Dr.K.Rajan, who authored the book on "Archaeology of Palar Basin" deserves a special place in the field of archaeology. Besides, he had already published two books namely Archaeology of Tamil Nadu and Archaeological Gazetteer of Tamil Nadu.
Tamil University always played an encouraging role in fulfilling the scholar’s desire in achieving their goal. The present publication is one among such step. The archaeological studies of Tamil Nadu rely on selective excavations carried out mostly in the urban centers like Madurai, Uraiyur, Poompuhar and Karur. There is hardly any excavation to unravel the rural settlements. The cultural fabric of Tamils lies in villages. The author's intensive field works in the Paler valley and subsequent analytical study served as basic data which would help immensely for future research in Tamilology.
The socio-economic condition of the people that existed in different ecological zones could only be understood in placing the resource based archaeological sites in better geographical position. One such potential region is Palar valley. The author brought to light more than hundred archaeological sites dating from prehistoric times passing through the Neolithic, megalithic and early historic periods. This would enrich the Tamil culture in space and time. Tamil University makes an earnest attempt to meet the aspiration of the different section of the Tamil society by bringing out such outstanding works on Tamilology.
I am quite sure that the study of "Archaeology of Palar Basin", authored by Dr. K. Rajan would create a landmark for further study in this area of research.
The present investigation aims through intensive fieldwork studying the pre and proto historic cultures of the North Arcot district (presently this district is bifurcated as North Arcot district and Tiruvannamalai district). The sporadic explorations and excavations initiated in the region by Richards in 1916 continued in the post independence era. The extensive field work made during the period between 1960 and 1980 by a number of scholars like S.R.Rao, R. Nagasamy, B.Narasimhaiah and R.Poongundran and the Archaeology Department of Madras University and the State Department of Archaeology gave a broad cultural picture of this area. S.R.Rao's work at Paiyampalli added to this a reasonable chronological frame. B.Narasimhaiah's subsequent explorations in selective areas and his scholarly presentation initially revealed the potentialities of this area. The subsequent excavations in the sites like Appukallu, Kallerimalai and Mallapadi by the University of Madras and that of Mottur by the Archaeological Survey of India further brightened the picture of the material culture of this region.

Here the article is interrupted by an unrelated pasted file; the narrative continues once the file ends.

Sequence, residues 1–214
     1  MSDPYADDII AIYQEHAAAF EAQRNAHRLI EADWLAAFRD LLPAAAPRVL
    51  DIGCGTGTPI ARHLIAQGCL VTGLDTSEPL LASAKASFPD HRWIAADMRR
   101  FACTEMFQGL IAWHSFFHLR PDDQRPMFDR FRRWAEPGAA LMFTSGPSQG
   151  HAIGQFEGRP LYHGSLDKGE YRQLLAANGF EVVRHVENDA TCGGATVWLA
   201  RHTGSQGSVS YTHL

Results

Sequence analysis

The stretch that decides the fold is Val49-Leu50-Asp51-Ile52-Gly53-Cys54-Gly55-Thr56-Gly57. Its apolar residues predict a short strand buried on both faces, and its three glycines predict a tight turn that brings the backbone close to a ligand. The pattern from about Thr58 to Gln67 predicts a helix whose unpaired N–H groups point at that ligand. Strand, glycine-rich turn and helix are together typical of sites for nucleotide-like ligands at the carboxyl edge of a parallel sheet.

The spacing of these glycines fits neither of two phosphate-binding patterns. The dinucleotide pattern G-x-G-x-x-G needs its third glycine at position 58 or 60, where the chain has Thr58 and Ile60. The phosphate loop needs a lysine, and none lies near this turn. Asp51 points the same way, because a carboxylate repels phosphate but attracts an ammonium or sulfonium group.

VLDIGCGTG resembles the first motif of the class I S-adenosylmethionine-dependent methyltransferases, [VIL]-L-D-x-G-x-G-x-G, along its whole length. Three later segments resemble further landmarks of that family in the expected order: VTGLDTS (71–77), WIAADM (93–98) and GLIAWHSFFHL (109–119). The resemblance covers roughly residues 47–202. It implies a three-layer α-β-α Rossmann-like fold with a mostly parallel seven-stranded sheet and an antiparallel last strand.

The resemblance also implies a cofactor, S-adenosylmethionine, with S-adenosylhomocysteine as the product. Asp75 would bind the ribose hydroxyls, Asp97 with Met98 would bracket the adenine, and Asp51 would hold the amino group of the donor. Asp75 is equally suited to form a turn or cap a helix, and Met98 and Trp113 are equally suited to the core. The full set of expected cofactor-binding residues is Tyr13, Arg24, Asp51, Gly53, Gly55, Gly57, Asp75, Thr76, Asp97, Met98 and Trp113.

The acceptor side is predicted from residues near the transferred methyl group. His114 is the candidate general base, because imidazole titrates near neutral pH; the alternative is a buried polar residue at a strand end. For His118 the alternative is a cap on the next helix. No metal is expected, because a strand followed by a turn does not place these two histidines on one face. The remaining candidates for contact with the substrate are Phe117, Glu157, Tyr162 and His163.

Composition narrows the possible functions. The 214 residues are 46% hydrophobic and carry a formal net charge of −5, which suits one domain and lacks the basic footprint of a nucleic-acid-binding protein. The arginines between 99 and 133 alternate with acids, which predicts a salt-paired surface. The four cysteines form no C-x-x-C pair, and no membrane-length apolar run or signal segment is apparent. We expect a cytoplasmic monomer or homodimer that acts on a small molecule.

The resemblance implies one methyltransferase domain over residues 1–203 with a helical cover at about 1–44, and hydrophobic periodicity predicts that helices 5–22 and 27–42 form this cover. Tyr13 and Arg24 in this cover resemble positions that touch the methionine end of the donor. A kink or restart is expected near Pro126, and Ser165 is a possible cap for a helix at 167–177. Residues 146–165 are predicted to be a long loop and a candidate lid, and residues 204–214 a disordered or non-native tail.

The yell documented inscriptional data of the memorial stones discovered by the State Department of Archaeology under the direction of R.Nagasamy provided insights into the early historical phase here. The recent scholarly work of R.Poongundran on memorial stones with special reference to contemporary Sangam literature has opened a new dimension to this study.
The present study endeavours to continue the above studies to get a better understanding of the cultural traits and to clarify the following points.
1. To locate the earliest settlements of this area.
2. To estimate the potentiality of the palaeolithic sites and its direction.
3. To understand the pattern of Neolithic culture.
4, To understand the relationship between the Neolithic and megalithic cultures.
5, To identify the typology of the burials and its spatial distribution.
6. To estimate the general distribution pattern of the megalithic monuments.
7. To know the cultural contact with neighbouring regions.
8. To clarify the relationship between the megaliths and the memorial stones, using both the field data and the literary data.
9. To study the spatial distribution, chronology and iconography of the memorial stones and the cultural milieu.
The survey was initiated with the above points in mind and the result was the discovery of about 10 palaeolithic sites, 5 Neolithic sites, nearly 120 megalithic sites, 3 sites yielding rock paintings and a host of .memorial stones (Map II and Table VI).
The fresh data collected through the field survey has helped to understand various cultures. The following chapters are based mainly on the new data collected in the course of explorations. The picture of the material culture of this area is of course still incomplete due to the lack of sufficient excavations in different zones and periods. For instance, not even a single memorial stone has been opened scientifically to understand the nature and mode of erection. Only the ground survey and the morphological study of the remains in different geographical settings have helped to delineate the evolutionary nature of the various cultural traits of this region.
Tamil Nadu (8° to 14° N and 76° to 80° E) occupies the southern part of the peninsular India. The physiography, geographical position, drainage system and climatic condition isolate this region from the Deccan plateau. This geographical isolation helps to preserve her own personality and cultural traits.
Geographically, Tamil Nadu can be divided into two zones:
1. The Tamil Nadu uplands and South Sahyadri region
2. Eastern coastal plains
The present study area comprising the North Arcot district and Tiruvannamalai district (hereafter North Arcot alone) forms part of the first zone which covers an area of 74,254 sq.km incorporating, besides North Arcot, districts Dharmapuri, Salem, Erode and Coimbatore, western part of Madurai and Tirunelveli.
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